In this case, the remarks did not violate the court's instructions not to post on Facebook about this case. When questioned about the case during trial, Doennig announced he was sworn to secrecy about the details of the case. Until after the verdict was reached and accepted, Doennig limited his comments to the basic fact that he was serving on a jury. He did not discuss the details of the case and did not even say whether the case was a civil case or a criminal case. Finally, none of the responses provided him with extrinsic evidentiary facts pertinent to the case being tried. The trial court did not abuse its discretion when it denied the Taylors' motion for new trial based on the Facebook posts made by Doennig.

In support of their argument to the contrary, the Taylors rely primarily on Khoury v. ConAgra Foods, Inc., 368 S.W.3d 189 (Mo.App.W.D.2012), and Dimas–Martinez v. State, 385 S.W.3d 238 (Ark.2011). However, those cases are distinguishable.

Khoury is inapposite because it was presented to the appellate court in a different procedural posture. Khoury involved a personal injury claim against a company who produced microwave popcorn. 368 S.W.3d at 193. After the jury was empanelled, but before the presentation of evidence began, the attorney for the defendant informed the trial court he had found that one of the jurors “had a Facebook page and was ‘a prolific poster for anti-corporation, organic foods.’ “ Id. The attorney moved to strike the juror, and the trial court sustained the motion. Id. The Western District found that excusing the juror was not an abuse of discretion. Id. at 201–02. Here, in contrast, the trial court denied the motion. Thus, the credibility determination to which this Court must defer is different.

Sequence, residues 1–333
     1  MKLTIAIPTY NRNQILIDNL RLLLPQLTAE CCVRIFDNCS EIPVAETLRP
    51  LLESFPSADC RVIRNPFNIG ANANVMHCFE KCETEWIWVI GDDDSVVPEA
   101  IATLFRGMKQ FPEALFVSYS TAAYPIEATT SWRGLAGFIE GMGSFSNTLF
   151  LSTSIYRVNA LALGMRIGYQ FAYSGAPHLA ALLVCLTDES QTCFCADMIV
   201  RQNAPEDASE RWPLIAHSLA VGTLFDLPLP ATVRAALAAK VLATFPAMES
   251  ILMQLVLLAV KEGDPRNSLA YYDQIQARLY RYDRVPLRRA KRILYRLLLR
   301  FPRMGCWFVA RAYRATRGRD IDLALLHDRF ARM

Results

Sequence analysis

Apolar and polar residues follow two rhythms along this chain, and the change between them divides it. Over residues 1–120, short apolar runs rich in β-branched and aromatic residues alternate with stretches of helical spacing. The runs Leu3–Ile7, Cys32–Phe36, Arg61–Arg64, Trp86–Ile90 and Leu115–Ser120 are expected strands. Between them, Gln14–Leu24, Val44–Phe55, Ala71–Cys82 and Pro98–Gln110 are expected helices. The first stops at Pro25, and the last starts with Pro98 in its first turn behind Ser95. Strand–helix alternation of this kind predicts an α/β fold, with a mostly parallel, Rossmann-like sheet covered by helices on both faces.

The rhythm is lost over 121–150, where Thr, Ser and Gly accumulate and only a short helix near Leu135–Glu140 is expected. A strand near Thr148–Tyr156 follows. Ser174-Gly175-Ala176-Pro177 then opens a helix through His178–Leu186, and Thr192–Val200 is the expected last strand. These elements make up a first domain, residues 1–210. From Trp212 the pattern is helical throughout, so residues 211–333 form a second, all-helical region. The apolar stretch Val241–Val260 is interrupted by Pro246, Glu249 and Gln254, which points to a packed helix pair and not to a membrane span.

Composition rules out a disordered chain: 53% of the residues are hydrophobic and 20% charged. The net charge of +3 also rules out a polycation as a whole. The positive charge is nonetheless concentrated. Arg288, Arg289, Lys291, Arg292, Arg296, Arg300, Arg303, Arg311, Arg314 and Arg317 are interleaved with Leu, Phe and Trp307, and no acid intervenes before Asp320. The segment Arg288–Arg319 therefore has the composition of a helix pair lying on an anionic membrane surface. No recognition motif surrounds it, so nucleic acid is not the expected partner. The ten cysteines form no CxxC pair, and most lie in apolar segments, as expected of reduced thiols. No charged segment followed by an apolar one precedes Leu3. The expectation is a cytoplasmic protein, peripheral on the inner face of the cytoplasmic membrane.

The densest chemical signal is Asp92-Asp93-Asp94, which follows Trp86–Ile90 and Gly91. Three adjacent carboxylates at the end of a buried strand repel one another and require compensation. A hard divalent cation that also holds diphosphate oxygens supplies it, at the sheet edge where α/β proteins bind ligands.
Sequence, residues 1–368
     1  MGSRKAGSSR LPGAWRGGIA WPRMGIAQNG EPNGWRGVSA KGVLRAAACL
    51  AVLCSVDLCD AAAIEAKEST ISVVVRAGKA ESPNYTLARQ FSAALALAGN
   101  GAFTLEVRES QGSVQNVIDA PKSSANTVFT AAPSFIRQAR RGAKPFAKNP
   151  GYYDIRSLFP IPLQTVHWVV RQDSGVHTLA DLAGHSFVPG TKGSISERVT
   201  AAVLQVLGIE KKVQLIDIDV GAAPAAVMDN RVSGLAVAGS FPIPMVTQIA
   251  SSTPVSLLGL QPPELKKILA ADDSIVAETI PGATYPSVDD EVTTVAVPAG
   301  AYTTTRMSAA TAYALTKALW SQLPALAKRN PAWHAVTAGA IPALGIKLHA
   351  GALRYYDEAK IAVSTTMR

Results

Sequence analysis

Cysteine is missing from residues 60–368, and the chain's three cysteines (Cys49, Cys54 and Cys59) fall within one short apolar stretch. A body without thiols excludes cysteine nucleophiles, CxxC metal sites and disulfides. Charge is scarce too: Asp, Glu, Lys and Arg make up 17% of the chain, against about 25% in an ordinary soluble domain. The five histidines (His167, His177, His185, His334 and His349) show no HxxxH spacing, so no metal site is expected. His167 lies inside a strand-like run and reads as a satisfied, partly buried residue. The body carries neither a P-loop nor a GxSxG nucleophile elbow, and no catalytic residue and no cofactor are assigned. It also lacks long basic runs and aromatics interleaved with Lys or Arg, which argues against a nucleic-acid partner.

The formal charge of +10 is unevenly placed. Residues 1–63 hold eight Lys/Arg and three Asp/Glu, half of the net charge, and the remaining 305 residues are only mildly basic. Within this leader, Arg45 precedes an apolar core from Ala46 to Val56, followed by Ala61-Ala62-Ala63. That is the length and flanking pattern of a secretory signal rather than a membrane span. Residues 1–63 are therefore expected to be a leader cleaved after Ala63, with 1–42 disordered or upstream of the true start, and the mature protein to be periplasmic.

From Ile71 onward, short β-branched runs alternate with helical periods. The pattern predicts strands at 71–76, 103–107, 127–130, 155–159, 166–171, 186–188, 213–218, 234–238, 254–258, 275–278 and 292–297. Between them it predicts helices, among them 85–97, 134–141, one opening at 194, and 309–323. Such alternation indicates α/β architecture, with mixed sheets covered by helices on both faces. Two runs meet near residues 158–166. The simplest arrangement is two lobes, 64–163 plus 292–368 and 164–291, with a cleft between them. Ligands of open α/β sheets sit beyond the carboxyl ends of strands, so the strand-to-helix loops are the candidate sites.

Dimas–Martinez is factually distinct. In that case, the parties discovered the juror's posts to Twitter about the case during the course of trial. 385 S.W.3d at 242. The judge discussed the issue with the juror, but then the juror continued to tweet during the remainder of the trial. Id. at 247. That is, after being informed the conduct was impermissible, the juror continued. Id. Here, in contrast, Doennig was not given the opportunity to correct his behavior during trial, so his comments do not show the same defiance of the trial court's instructions.

We now live in an age of ubiquitous electronic communications. To say the comments in this case, which simply informed people Doennig was serving jury duty, were improper simply because they were posted on Facebook would be to ignore the reality of society's current relationship with communication technology. This can be seen by looking at the content of these messages. If they were communicated to a person face-to-face, they would not be improper. The comments in this case were more similar to those that would be involved when a person informed his or her supervisor or co-workers they would not be at work because they had jury duty.

The trial court did not abuse its discretion. The Taylors' third point is denied.


The trial court's judgment is affirmed.


1.  Batson v. Kentucky, 476 U.S. 79 (1986)

2.  Defendants suggest we should not review this claim of pretext because the Taylors did not identify Horn as a similarly situated juror at trial. See State v. Collins, 290 S.W.3d 736, 742 n.4 (Mo.App.E.D.2009) ( “we will decline to review an argument of pretext for the first time on appeal.”). As the claim is without merit in any event, we need not determine whether the statements made by the Taylors' attorney at trial were sufficient to preserve their argument on appeal. See, e.g., Horner v. FedEx Ground Package System, Inc., 258 S.W.3d 532, 544 n.18 (Mo.App.W.D.2008); McConnell v. Stallings, 955 S.W.2d 590, 593 (Mo.App.S.D.1997).

3.  This language was part of Instruction No. 1 which was read to the jury after the jury was selected and sworn in.